Now that there is more awareness around autism, the prevalence of diagnosis is growing but has the housing sector kept up with these findings?
Studies show that between 12.3% and 18% of people affected by homelessness score above the clinical threshold for autism and a further 8.5% are borderline according to the Diagnostic and Statistical Manual of Mental Disorder (5th edition).
A few of the symptoms, according to the NHS include
· Difficulty understanding thoughts and feelings
· Anxiety in social situations
· Difficulty making friends
· Appearing rude when interacting
· Taking things literally
· Being unable to cope with a change of routine
· Not understanding social rules
· The need to avoid eye contact
· Noticing smells or sounds that others do not
These symptoms can be an enormous barrier when attempting to work with housing and the lack of awareness can mean that people who have autism are neither accounted for in planning nor adapted to.
Individuals with autism are disproportionately represented in the homelessness figures for several reasons. They are more likely to face events that can lead to homelessness like maintaining regular employment and experiencing breakdowns in relationships. This in turn can lead to those at risk of homelessness internalising their difficulties and finding themselves socially excluded.
Many of the risk factors that lead to housing complications within the population are already experienced by those with autism, such as poverty and interpersonal challenges. This means that there is a high likelihood of these adverse life experiences leading to a life without a place to call home.
What does this mean in reality?
When it comes to daily living, people with autism can be unable to cope with changes to routine, noisy households, or different sensory things. Shared accommodation is almost impossible for many and the individual can appear to be ungrateful for the housing support that they have received. Although this can appear rude to those without awareness, having an understanding of the triggers and needs of applicants can lead to a successful placement.
The emotional breakdowns of autistic people can cause them to turn down accommodation or leave. On many occasions, it is considered that they are being difficult and they will be deemed as intentionally homeless. For someone who experiences sensory overload by flickering lights, a flickering bulb can cause excruciating pain. For a person who is unable to handle loud noises and uses noise mufflers to leave the house, they do not want to have to wear them at home because the person in the flat next door plays their music loudly at night.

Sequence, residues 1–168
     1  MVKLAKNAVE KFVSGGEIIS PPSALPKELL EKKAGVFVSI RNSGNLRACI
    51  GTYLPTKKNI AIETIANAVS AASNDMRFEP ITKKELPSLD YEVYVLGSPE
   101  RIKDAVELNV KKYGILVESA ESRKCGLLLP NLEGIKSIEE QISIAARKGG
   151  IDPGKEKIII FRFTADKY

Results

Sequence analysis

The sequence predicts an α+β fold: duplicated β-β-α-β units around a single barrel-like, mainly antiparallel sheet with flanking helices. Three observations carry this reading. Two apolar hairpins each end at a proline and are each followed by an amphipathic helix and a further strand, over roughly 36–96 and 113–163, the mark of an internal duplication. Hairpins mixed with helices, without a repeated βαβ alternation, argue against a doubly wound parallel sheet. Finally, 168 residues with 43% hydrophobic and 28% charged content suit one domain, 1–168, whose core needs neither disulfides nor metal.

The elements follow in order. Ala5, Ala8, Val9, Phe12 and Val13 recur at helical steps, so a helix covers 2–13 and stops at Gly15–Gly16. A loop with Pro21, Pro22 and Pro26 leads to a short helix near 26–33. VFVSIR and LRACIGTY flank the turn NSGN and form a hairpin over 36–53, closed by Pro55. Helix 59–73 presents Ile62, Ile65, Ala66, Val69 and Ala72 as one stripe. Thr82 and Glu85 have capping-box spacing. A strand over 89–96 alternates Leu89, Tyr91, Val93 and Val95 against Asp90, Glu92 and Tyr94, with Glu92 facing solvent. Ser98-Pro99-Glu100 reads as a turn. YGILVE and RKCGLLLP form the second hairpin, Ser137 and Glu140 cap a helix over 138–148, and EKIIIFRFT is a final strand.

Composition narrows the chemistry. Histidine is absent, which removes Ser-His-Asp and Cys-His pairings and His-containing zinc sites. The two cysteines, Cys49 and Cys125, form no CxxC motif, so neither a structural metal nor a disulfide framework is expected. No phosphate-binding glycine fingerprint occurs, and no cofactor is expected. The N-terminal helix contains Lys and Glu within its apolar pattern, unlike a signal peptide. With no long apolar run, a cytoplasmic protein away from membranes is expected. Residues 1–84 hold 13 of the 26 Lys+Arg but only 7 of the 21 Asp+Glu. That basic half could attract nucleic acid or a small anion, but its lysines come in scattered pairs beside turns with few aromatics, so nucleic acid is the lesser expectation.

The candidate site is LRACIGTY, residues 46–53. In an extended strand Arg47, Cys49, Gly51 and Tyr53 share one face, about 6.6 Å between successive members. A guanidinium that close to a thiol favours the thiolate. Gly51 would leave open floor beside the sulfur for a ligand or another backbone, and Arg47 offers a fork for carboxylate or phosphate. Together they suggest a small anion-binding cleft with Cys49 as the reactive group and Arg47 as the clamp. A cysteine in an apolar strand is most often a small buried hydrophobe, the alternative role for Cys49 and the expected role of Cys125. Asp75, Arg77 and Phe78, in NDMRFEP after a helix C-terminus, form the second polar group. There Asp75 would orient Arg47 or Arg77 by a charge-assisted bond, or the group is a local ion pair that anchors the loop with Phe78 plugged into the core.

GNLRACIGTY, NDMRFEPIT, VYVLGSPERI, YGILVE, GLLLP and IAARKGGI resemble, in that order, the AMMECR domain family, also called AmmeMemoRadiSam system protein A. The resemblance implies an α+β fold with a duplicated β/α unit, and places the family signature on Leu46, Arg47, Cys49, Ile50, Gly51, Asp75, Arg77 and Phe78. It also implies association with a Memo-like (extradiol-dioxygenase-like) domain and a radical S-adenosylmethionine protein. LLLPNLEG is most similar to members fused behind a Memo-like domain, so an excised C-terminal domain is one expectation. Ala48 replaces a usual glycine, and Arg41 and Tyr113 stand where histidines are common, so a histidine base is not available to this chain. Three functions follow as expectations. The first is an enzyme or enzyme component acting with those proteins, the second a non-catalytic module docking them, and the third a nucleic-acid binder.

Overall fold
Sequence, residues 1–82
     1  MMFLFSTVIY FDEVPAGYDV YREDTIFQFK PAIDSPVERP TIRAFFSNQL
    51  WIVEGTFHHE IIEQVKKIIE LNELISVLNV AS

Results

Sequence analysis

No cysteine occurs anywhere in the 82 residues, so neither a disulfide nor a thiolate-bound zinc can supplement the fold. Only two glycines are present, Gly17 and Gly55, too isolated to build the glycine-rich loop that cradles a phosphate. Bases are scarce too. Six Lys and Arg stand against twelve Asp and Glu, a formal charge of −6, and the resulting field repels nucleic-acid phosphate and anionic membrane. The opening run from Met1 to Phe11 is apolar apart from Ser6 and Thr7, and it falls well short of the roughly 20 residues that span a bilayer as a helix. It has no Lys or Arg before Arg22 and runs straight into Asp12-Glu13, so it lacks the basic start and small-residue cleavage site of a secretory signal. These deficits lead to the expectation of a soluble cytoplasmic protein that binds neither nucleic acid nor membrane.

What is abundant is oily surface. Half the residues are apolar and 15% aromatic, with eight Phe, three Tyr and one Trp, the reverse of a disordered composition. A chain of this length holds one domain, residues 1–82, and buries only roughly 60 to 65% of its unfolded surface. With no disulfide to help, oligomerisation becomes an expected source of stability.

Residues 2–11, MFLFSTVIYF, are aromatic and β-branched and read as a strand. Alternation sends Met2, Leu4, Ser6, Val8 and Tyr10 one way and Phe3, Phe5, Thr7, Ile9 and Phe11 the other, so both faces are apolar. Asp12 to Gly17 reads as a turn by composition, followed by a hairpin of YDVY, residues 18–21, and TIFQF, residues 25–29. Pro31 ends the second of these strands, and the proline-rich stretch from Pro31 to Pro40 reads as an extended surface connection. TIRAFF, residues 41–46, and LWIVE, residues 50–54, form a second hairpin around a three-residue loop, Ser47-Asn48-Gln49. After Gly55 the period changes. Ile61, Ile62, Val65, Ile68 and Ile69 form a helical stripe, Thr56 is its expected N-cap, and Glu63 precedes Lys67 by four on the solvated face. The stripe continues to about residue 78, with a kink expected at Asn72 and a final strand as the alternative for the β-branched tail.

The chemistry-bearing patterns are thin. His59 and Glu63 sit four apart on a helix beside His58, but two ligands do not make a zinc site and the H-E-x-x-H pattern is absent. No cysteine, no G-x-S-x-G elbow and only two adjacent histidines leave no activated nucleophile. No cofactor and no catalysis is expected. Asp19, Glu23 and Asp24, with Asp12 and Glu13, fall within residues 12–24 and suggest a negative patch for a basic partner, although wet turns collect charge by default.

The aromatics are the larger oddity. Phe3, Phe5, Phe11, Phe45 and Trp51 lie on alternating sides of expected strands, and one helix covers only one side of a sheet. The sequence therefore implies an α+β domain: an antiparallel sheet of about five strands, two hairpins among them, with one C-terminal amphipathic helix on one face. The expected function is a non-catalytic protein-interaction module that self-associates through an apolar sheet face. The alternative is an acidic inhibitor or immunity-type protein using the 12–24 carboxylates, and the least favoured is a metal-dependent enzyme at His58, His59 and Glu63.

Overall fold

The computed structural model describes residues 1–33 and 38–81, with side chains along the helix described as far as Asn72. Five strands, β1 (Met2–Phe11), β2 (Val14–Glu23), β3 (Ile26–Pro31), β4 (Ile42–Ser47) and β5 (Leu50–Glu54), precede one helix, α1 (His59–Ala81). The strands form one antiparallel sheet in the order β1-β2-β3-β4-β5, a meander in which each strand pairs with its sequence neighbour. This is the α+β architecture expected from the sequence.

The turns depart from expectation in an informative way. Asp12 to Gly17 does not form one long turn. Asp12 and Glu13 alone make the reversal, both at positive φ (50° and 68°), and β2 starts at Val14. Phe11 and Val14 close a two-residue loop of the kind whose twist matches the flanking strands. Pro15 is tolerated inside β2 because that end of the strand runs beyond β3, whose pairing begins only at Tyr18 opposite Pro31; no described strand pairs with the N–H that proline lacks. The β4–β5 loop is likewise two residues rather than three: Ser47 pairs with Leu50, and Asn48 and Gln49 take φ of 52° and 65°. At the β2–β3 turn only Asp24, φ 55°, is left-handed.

People with autism can be considered to be rude and abrupt which causes difficulties making friends when expected to live in shared buildings or communal corridors. If people are impatient and do not understand the situation there is a high potential of conflict and concerns around anti-social behaviour, leading to criminal records, bad references, and a reluctance from housing to rehouse.
Social naivety, misunderstanding of social cues, rigid adherence to rules, not understanding the implications of their behaviour, and extreme reactions to triggers can lead to criminalisation which then becomes a barrier to finding and maintaining housing
An understanding of the sensory triggers and barriers for each client can support the person to be successful in the property that they are offered.
What is being done about it?
A toolkit has been developed for staff and organisations that has been compiled by professionals, those with lived experience, and others to support the recognition and effective working with people who are or may be autistic.
That is where World Autism Awareness Day comes in. Bringing awareness of the different needs of clients, awareness of the best circumstances required for an individual to thrive, and awareness of the barriers to services that neurodiverse people experience.
By improving communication, restructuring service delivery, and providing alternative formats such as visual information, more people can be supported in a person-centered way to access housing.
Through the use of vouchers, The Clothing Collective attempts to support the reestablishment of pride, dignity, and respect. You too could help the homeless and those facing poverty.
To help those in need, you can make donations to the Clothing Collective here
Follow us on social media to keep up to date with everything we’re doing at Clothing Collective. We’d also be delighted if any of our blogs are shared!